Ride4Women

Ride4Women

With the following objectives:
1. Set up our Women’s Community Centre to be the women’s safe haven.
2. Equip women with vocational skills and adult education.
3. Set up income generating activities.
4. Train women in improved agriculture and animal rearing.
and use of bicycles, I’d love to get involved and wanted to share this discovery with everyone.

I have a personal connection with Uganda and a passion for the country and realised when I visited that they face many challenges which are not always easy to solve. It was clear that women do all the hard work, that adult education is non existent and setting up income generated activities would really benefit a large number of women. They did not appear very entreprenurial but maybe this is because the women need empowering for their communities to be more successful.

This type of project is an example of the type of concepts being posted by the OpenIDEO community.

The power of communities

I have already expressed a passion in previous blog posts for collaborative consumption and building communities but this has only been exagerated by signing up with IDEO‘s online platform OpenIDEO. Rachel Botsman recently posted a Twitter message that said successful collaborative consumption ventures ‘come down to two golden rules: convenience & choice’. This has proven to be very true – OpenIDEO has been my choice to join and it is very convenient to use, especially if you already think in a socially orientated way!

OpenIDEO logo

OpenIDEO logo


The online platform was set up to encourage people to design better together; crowd source information, build on others ideas and come up with sustainable solutions that can be implemented to help a community in some way.

I love the fact that it is unintrusive; I can browse the posted inspirations, read about the various challenges, choose which ones I want to take part in, post as many pieces of inspirations and/or concepts as I wish, comment on as many as I wish, applaude, bookmark, build…. you name it, they have thought about it. If I wanted, I could choose to be a passive member of the community. I could log on once in a while and simply read what has been added. On the other hand, anyone with an inquiring mind or slightly competitive nature will want to add inspiration, post concepts and build on other people’s posts.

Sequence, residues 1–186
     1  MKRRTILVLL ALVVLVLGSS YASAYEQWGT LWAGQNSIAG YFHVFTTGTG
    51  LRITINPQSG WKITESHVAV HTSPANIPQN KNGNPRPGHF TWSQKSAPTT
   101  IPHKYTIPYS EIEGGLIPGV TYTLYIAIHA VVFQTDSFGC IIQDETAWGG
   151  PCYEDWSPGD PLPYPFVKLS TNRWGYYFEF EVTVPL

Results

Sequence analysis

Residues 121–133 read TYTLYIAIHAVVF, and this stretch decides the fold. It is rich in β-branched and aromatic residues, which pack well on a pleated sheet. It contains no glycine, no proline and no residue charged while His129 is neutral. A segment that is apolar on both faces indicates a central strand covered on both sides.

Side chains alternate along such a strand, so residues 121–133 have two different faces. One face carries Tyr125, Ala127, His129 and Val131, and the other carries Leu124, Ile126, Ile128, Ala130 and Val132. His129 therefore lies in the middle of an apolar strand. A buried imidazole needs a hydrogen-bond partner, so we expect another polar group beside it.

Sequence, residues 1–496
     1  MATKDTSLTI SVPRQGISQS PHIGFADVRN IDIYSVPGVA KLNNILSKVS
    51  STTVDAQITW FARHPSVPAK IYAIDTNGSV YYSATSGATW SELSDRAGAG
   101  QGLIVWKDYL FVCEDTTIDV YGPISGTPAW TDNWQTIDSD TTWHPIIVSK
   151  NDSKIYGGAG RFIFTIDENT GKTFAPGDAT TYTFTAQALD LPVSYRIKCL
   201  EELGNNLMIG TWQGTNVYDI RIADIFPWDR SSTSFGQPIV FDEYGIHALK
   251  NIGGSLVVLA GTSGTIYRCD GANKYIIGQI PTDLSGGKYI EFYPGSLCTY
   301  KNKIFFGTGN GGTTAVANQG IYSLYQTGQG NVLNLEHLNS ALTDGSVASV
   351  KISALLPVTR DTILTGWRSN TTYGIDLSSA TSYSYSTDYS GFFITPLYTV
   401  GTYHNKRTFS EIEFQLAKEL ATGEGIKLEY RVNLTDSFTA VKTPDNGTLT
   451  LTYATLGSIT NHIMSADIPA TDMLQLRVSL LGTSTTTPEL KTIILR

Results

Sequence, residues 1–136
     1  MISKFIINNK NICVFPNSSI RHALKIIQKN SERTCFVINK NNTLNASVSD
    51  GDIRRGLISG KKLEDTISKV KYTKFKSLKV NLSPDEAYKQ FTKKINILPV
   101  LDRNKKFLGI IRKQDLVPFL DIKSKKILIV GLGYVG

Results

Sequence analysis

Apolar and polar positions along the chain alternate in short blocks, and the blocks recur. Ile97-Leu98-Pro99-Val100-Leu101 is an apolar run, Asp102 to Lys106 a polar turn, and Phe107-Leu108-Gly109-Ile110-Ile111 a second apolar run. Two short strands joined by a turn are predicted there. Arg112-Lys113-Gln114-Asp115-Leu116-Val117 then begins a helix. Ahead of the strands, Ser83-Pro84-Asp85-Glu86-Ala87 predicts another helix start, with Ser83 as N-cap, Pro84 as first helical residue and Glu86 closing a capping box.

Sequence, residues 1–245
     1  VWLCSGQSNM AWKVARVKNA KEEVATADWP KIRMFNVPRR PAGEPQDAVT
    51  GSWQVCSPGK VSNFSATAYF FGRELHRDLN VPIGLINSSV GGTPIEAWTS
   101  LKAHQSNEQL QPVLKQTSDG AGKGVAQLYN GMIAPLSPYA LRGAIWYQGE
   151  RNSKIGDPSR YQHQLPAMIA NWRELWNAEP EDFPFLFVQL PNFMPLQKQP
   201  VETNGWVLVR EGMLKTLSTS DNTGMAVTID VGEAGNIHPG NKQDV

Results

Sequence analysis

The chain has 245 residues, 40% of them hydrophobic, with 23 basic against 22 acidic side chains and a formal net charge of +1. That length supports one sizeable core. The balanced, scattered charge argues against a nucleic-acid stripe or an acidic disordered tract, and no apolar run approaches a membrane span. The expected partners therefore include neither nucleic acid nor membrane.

OpenIDEO design quotient

OpenIDEO design quotient

The ‘design quotient’ adds another engaging aspect; it is a pie chart which shows how many points you have earnt for taking part in the challenges – what a fantastic way to encourage people to return to the site. I’m not sure if it is deliberate but it is not always that obvious where your points have come from – points definitely get added when someone has built on your idea but you do have to dig around to find out where from!

I first heard about OpenIDEO when Tom Hulme presented it at InterSections2011 in Cornwall at the start of March. He gave a very powerful and captivating talk about how the platform has grown and how building online communities in turn helps so many people around the world. I was intrigued and wanted to learn more…. Described on the website as ‘a place where people design better, together for social good. It’s an online platform for creative thinkers: the veteran designer and the new guy who just signed on, the critic and the MBA, the active participant and the curious lurker. Together, this makes up the creative guts of OpenIDEO’. It has been designed to be inclusive, community-centred, collaborative, optimistic and always in beta (open to continuous improvement). These are all words which are core to being a successful social innovator.

I highly recommend watching this video which explains how OpenIDEO works: